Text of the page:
On Monday, NRA-ILA filed an amicus curiae (or friend of the court) brief in a case challenging Hawaii’s draconian permit-to-purchase and firearm-registration laws in the Ninth Circuit Court of Appeals.
The Aloha State does not make it easy for an individual to exercise their Second Amendment Rights. State law imposes many repetitive steps on tight deadlines. First, one needs to apply for a permit to purchase a handgun, which requires providing the Chief of Police with the handgun’s make, model, serial number, etc. If the permit is approved, the individual then has 10 days to complete the purchase. Then upon completion of the purchase, the seller inputs the handgun’s make, model, serial number etc., signs the permit, and has 48 hours to get it back to the Chief of Police. But that’s not the end of the process. The purchaser then has five days to bring the handgun into the police station for it to be inspected and registered, which is the third time that the handgun’s make, model, serial number, etc., get recorded.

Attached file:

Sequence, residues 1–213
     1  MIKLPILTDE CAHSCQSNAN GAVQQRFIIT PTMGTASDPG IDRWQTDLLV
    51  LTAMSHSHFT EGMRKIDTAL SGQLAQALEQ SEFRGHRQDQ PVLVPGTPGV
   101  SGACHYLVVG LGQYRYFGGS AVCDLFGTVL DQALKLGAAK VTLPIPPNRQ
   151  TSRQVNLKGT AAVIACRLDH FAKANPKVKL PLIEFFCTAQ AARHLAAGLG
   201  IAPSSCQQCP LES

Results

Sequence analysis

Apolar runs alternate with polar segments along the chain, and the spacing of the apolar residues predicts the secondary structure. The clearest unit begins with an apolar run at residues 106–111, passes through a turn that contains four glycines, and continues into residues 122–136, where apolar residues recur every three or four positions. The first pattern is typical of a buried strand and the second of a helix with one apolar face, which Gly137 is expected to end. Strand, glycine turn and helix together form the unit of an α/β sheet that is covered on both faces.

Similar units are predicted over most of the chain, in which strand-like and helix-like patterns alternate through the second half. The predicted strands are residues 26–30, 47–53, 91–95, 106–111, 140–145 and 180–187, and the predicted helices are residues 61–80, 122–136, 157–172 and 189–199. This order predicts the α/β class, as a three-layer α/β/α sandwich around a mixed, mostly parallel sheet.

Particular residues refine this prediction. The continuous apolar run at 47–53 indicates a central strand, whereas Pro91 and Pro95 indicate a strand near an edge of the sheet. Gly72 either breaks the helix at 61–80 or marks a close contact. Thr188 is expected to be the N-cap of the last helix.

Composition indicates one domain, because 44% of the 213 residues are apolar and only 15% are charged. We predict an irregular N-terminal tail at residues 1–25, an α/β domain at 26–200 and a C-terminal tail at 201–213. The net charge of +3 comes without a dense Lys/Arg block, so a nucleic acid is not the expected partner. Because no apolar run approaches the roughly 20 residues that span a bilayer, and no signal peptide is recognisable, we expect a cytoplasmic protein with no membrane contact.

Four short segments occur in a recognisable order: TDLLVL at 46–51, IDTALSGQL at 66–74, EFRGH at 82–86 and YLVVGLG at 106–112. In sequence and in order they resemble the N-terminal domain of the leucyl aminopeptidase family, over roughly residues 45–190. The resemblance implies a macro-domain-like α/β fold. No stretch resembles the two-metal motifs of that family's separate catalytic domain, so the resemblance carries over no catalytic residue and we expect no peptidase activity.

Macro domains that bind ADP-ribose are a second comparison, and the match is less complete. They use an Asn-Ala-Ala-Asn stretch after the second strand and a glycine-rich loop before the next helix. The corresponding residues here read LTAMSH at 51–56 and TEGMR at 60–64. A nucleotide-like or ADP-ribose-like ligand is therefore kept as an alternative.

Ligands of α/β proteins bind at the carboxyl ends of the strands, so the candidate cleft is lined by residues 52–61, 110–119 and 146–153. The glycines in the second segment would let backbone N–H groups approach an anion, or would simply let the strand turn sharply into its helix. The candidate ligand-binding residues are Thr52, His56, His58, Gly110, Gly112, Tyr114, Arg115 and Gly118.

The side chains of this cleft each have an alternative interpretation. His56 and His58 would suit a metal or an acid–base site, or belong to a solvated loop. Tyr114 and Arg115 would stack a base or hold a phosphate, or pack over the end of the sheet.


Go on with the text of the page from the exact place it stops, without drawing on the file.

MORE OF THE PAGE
These burdensome laws “were passed solely to ‘control’ how people exercise their Second Amendment rights,” the brief argues. “Even worse, Hawaii submitted no evidence supporting either of these [laws]. Instead, it argues that the [laws] should be upheld by ‘common sense’ alone. Common sense—not to mention Supreme Court precedent—says that when the people declared that the right to keep and bear arms ‘shall not be infringed,’ they gave the government a heavier burden.”
NRA-ILA remains dedicated to protecting the right to bear arms in Hawaii and throughout the country against these types of overbearing restrictions.
The case is captioned Yukutake v. Shikada.
Please stay tuned to www.nraila.org for future updates on NRA-ILA’s ongoing efforts to defend your constitutional rights.